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Review: Little Broken Robots is a superb, surprisingly tough puzzler

These little robots might be cute, but their faulty wiring may cause you to have a breakdown yourself

Price: Free or $2.99/£2.29 unlimited
Version: 1.0.2
Size: 36.3 MB
Platform: iPhone and iPad
Developer: Dragon Army


It’s getting to be a habit with iOS games. You get an almost saccharine surface layer, but once you’re hooked the game smashes your brain out with all the subtlety of a brick with a smile drawn on it in pen.

In Little Broken Robots, you’re repairing malfunctioning robots. Each defective droid rocks up on a conveyor belt, offering a literal depiction of its condition. For example, a ’frozen’ robot has chattering teeth and a little snowman on its head.


The unhappy droid is fixed by you routing wires on a circuit board. Each wire has an associated number and can be dragged along a pathway between holes aligned to a grid – and every hole must be used. All the while, the robot watches what you’re doing, gradually cheering up as you fill the board. Success results in the droid being packed up by a box-o-matic, whereupon you move on to the next repair.

It’s all rather adorable and, at first, suspiciously easy. Before long, though, the boards expand and the wires lengthen, forcing you to think long and hard about snaking routes. Do well enough and the game unlocks an advanced mode with crossover gates (which can make things very difficult), and a timed mode.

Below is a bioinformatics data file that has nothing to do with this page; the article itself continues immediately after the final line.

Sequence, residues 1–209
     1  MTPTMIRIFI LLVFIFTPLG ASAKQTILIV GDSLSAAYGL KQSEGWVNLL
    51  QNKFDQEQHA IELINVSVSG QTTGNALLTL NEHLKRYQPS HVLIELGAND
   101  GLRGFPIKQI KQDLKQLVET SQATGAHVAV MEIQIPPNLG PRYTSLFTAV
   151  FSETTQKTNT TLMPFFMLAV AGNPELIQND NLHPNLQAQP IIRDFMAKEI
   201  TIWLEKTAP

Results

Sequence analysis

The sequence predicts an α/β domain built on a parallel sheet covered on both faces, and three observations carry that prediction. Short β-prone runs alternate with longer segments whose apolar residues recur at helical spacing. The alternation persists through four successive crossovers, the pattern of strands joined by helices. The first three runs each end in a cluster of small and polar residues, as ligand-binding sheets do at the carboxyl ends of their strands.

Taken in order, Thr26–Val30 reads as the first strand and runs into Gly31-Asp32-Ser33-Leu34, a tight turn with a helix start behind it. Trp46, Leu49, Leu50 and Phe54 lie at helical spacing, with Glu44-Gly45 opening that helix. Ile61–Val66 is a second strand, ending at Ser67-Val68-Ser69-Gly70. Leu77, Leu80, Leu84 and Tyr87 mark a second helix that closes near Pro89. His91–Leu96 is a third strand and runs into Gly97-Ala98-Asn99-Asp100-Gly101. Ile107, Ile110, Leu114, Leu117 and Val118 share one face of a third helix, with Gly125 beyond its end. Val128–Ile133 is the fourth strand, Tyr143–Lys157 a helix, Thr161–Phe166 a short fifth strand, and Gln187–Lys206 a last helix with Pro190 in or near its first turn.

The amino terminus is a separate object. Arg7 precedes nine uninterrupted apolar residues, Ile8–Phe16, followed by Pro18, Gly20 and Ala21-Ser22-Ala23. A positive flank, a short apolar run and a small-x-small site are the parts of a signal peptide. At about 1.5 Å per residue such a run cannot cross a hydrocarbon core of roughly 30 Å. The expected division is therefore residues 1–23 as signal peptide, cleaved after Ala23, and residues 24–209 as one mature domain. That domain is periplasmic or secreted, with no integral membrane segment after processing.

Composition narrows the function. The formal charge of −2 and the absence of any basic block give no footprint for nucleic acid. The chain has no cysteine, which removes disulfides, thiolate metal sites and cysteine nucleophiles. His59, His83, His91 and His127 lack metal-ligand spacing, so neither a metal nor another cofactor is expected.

The last of those is perfect for wiping a smug grin off of the face of anyone who thinks they’ve mastered the game. You must repair against the clock, and although the boards in this mode are small, you’ll instantly forget everything you’ve learned as the clock relentlessly ticks down.

This range of modes ensures there’s something for everyone, and although only the basic mode is initially unlocked, that makes sense, given that diving in elsewhere could be overwhelming.

Little Broken Robots is accessible in another way, too, in that it’s free. Naturally, this means IAP is lurking, but this game has one of the least obnoxious freemium models we’ve seen.


The way it works is you get a limited amount of energy, and each repair costs you three units. You can then show up every few hours to get increasing rewards (nine through to 15 units), or watch a video ad to get an extra ten.

Only the most obsessive players are likely to run out of energy remotely often, thereby requiring repeated ad-watching. But there is an alternative – you can instead opt to pay a perfectly reasonable $2.99/£2.29 IAP to get rid of the energy system. This also unlocks endless randomized puzzles beyond the initial 50 basic and ten advanced challenges, meaning you could potentially be repairing little broken robots forever.